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#3 I Have Got Some People Waiting For Me
Aziz’s life has been a story of chance – and choice. As Michael pieces together Aziz’s journey from Sudan to Manus, he realises Aziz has been searching for a safe place for about eight years. So what gives him the ability, and the energy, to speak out? How has Aziz fought for so long, and what makes him want to be ‘the messenger’?
‘I’m pretending like I’m really happy, and laugh, and you know, smiling on the phones and doing stuff like that – so they feel like, “Oh, my son is really living in a good environment”. So they think like that, but the opposite is the truth.’
Aziz tells Michael, ‘I have got some people ...waiting for me. They love me, they want me to be with them.’ Haltingly, and sometimes with great difficulty, Aziz starts to share stories about his home, the family that he longs to see, and why he fled.
Looking to find out more, Michael speaks to Sudan expert Anne Bartlett about the current situation there. As Aziz shares snapshots from his past, Anne talks Michael through the conflict in Sudan, which, despite leaving the headlines long ago, continues to unfold.
Michael worries that he’s adding to Aziz’s trauma by digging up painful memories – ever aware of how hard it is to have these kinds of conversations in short, overlapping messages, without the benefit of reading someone’s signals face to face.
Meanwhile, Aziz weighs up how much to tell his family about Manus, and explains to Michael why he’s sometimes tortured by regret.
Warning: This episode of The Messenger includes graphic content and mentions self-harm. If you or someone you know needs help, you can contact one of Australia’s national 24/7 crisis services such as Lifeline on 13 11 14 or at lifeline.org.au, or the Suicide Call Back Service on 1300 659 467.
Download a PDF transcript of this episode here.
In this episode
- Abdul Aziz Muhamat
- Michael Green
- Associate Professor Anne Bartlett, University of New South Wales, President of the Sudan Studies Association
Our theme music was composed by Raya Slavin. Music used in this episode includes: 'Blue Milk' by Stereolab, 'Up the Box' by Andy Stott, 'Feld' by To Rococo Rot, 'Firefly' and 'Four-Day Interval' by Tortoise, 'Cutting Branches for a Temporary Shelter' by Penguin Cafe Orchestra, 'Ending' by Kazumasa Hashimoto, 'Remedios the Beauty' by Oren Ambarchi, 'Lazyboat' and 'Vostok' by Triosk, 'Passages' by Bowery Electric, 'Self Seal Mishap' by Tennis and 'Ba Ba' by Sigur Rós.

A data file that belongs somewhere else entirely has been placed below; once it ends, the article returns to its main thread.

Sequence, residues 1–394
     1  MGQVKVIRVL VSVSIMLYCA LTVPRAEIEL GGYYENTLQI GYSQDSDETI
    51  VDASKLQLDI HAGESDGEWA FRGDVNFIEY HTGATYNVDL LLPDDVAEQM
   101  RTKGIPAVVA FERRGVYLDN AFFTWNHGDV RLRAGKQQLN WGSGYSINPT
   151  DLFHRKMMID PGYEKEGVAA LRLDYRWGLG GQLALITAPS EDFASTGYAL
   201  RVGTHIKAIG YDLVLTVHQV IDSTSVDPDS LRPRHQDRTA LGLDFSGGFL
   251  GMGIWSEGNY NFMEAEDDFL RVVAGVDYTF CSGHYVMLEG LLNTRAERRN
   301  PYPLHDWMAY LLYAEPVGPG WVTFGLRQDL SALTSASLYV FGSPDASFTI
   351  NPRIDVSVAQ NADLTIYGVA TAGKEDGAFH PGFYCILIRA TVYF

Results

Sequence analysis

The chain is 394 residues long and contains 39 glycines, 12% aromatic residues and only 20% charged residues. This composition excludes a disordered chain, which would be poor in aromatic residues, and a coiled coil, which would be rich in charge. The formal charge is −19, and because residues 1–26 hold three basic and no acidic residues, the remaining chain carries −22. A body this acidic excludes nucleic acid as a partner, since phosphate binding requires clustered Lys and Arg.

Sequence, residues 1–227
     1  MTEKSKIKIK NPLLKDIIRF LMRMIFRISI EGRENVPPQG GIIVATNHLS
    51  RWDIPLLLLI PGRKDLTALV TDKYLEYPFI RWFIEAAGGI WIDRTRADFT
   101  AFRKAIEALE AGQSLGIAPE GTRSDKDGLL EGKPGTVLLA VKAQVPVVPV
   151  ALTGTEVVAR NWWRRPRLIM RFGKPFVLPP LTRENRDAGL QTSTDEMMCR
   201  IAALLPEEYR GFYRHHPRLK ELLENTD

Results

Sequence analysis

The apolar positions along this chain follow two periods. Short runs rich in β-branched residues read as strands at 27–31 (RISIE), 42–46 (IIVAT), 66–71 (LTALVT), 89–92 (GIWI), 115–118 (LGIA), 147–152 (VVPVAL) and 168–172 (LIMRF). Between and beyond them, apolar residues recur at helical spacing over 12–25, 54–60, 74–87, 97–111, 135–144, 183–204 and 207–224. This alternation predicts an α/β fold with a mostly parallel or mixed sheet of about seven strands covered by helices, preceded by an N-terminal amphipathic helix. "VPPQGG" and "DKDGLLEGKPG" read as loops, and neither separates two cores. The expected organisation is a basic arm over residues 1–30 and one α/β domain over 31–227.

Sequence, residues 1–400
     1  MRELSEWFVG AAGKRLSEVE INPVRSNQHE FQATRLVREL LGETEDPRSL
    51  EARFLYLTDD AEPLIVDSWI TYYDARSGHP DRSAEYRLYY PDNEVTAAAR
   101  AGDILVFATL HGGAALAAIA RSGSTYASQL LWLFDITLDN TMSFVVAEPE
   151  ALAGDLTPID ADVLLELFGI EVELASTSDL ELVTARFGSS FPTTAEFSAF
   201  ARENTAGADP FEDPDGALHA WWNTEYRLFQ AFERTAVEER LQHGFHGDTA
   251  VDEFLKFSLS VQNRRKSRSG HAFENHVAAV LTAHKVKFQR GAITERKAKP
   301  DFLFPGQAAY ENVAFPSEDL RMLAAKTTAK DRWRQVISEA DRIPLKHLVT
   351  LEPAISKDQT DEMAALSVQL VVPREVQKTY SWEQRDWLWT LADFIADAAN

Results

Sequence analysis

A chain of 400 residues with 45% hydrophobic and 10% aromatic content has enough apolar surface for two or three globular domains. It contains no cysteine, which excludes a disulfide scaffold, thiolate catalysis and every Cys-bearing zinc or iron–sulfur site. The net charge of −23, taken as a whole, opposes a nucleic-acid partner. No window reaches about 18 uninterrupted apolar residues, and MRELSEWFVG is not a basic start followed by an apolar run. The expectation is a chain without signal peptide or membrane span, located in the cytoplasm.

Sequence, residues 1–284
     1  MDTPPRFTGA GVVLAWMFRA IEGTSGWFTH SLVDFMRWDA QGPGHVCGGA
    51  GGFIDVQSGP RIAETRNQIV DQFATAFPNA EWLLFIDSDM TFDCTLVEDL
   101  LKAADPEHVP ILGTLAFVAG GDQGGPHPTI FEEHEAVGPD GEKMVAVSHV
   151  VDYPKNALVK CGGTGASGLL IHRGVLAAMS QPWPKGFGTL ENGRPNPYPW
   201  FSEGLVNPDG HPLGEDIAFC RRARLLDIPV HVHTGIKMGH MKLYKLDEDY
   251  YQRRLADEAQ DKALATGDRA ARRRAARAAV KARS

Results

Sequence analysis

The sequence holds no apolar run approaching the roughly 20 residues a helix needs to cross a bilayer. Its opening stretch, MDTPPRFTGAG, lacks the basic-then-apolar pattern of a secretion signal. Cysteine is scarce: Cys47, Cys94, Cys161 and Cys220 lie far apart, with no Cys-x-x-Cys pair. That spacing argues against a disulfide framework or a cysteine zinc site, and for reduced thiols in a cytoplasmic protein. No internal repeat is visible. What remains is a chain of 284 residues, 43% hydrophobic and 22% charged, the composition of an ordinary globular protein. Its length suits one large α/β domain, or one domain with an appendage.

The Messenger is a co-production of Behind the Wire and the Wheeler Centre. It’s produced by Michael Green, André Dao, Hannah Reich and Bec Fary, with Jon Tjhia and Sophie Black at the Wheeler Centre.
Narration by Michael Green. With reporting by Abdul Aziz Muhamat. Additional fact checking by the Guardian's Ben Doherty; transcription by Claire McGregor, Victoria Grey, Camilla Chapman, Lena Lettau and many more. This episode was edited and mixed by Bec Fary and Jon Tjhia.
Dana Affleck, Angelica Neville and Sienna Merope. Also to Cameron Ford and Heidi Pett, and to Behind the Wire’s many participants and volunteers. Behind the Wire is supported by the Bertha Foundation.
Abdul Aziz Muhamat is a 24-year-old man from Darfur, Sudan. He is from the Zaghawa ethnicity, and with his family, he fled his village to a refugee camp. He arrived in Australia by boat in 2013 and was taken to Manus Island, where he remains.
Michael Green is a journalist in Melbourne. He has written about environmental and social issues for the Age, Sydney Morning Herald, Nature, Nautilus, Smith Journal, Right Now and Overland, among others. He is the coordinator of Behind the Wire, and has been working on a book of people’s stories from detention called They Cannot Take the Sky, which will be published in March 2017 by Allen & Unwin. He is also producing an exhibition at Melbourne’s Immigration Museum based on the stories in the book, which will open on 17 March 2017.
All messages as part of this discussion and any opinions, advice, statements, or other information contained in any messages or transmitted by any third party are the responsibility of the author of that message and not the Wheeler Centre.
From Behind the Wire and the Wheeler Centre, The Messenger brings you into the Australian immigration detention centre on Manus Island – and reveals, in intimate detail, one man's experience of what it's really like to flee tragedy and seek asylum by boat.